US v. Rice
UNPUBLISHED UNITED STATES COURT OF APPEALS FOR THE FOURTH CIRCUIT
UNITED STATES OF AMERICA, Plaintiff - Appellee, versus MICHAEL WALLACE RICE, Defendant - Appellant.
Appeal from the United States District Court for the Eastern District of Virginia, at Richmond. Robert E. Payne, District Judge. (CR-05-11)
November 30, 2006
December 29, 2006
Before WILKINSON, MOTZ, and SHEDD, Circuit Judges.
Affirmed by unpublished per curiam opinion.
Joseph Ryland Winston, Richmond, Virginia, for Appellant. Chuck Rosenberg, United States Attorney, Elizabeth C. Wu, Assistant United States Attorney, Richmond, Virginia, for Appellee.
Unpublished opinions are not binding precedent in this circuit.
PER CURIAM: Michael W. Rice appeals his conviction after a jury trial of one count of conspiracy to possess with intent to distribute more than 500 grams of cocaine, in violation of 21 U.S.C.
§§ 841(a)(1), 846 (2000) (Count One) and one count of possession of heroin, in violation of 21 U.S.C. § 844 (2000) (Count Four), and the 360-month sentence imposed by the district court. We affirm.
In determining the sentencing range for Rice under the Sentencing Guidelines,* the probation officer recommended that Rice be held accountable for at least 500 grams but less than two kilograms of cocaine and 0.46 grams of heroin, which resulted in a base offense level of twenty-six pursuant to USSG § 2D1.1(c)(7). The probation officer recommended a two-level enhancement for obstruction of justice pursuant to USSG § 3C1.1, because Rice presented false testimony at trial, yielding a total offense level of twenty-eight. Based on Rice's prior crimes, however, he was
classified as a career offender pursuant to USSG § 4B1.1, and his offense level was thirty-seven. Rice's prior criminal activity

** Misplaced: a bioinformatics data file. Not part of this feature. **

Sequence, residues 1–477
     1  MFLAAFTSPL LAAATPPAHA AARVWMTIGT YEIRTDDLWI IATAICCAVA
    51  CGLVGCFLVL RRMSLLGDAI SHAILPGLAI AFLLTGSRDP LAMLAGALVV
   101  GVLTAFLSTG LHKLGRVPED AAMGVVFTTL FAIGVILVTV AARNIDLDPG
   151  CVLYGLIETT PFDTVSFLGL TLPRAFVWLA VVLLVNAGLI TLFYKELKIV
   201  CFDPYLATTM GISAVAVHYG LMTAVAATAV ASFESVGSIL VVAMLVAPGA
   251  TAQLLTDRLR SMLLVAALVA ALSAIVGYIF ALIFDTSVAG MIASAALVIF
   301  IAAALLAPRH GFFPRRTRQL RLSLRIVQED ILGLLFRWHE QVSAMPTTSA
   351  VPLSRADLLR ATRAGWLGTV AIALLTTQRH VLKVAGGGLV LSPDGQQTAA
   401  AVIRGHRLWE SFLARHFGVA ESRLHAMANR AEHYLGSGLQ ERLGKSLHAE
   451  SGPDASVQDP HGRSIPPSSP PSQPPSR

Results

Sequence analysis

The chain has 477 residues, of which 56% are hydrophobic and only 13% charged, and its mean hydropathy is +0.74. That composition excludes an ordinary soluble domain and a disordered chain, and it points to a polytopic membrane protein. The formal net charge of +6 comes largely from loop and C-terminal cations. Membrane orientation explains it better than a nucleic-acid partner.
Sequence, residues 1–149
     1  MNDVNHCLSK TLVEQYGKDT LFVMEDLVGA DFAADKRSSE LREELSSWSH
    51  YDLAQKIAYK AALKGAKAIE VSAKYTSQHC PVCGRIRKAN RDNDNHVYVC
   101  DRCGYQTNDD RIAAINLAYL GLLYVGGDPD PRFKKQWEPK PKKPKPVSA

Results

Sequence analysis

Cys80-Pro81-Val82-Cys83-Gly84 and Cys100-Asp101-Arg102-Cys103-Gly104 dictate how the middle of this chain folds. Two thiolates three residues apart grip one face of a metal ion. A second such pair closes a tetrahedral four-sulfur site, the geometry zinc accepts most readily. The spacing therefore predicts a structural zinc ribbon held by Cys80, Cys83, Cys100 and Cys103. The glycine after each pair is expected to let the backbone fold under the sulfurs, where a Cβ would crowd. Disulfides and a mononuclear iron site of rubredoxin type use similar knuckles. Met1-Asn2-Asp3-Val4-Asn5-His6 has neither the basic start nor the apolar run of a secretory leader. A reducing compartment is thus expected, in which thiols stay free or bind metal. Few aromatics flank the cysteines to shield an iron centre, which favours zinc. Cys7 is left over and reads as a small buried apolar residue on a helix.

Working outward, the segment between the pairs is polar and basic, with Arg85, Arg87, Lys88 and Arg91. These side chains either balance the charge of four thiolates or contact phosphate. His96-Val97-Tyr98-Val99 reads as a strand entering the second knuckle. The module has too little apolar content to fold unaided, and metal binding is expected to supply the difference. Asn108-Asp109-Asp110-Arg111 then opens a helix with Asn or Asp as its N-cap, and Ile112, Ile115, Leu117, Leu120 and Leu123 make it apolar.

yielded a total of nine criminal history points, placing him in Category IV. His status as a career offender, however, mandated
criminal history Category VI. The resulting sentencing range based on a total offense level of thirty-seven and criminal history category VI was 360 months to life imprisonment. The district
U.S. Sentencing Guidelines Manual (2005) (USSG). - 2 -
court sentenced Rice to 360 months of imprisonment and Rice timely appealed. On appeal, counsel first asserts that the district court erred in allowing the admission of testimony that a witness had purchased drugs from Rice daily, cross-examination by the Assistant United States Attorney (AUSA) concerning Rice's drug conviction sixteen years earlier, and questions from the AUSA about Rice's possession of heroin when he was arrested in connection with the instant case. Review of a district court's determination of the
admissibility of evidence under Federal Rule of Evidence 404(b) is for abuse of discretion. 995 (4th Cir. 1997). See United States v. Queen, 132 F.3d 991,
A district court will not be found to have
abused its discretion unless its decision to admit evidence under Rule 404(b) was arbitrary or irrational. See United States v.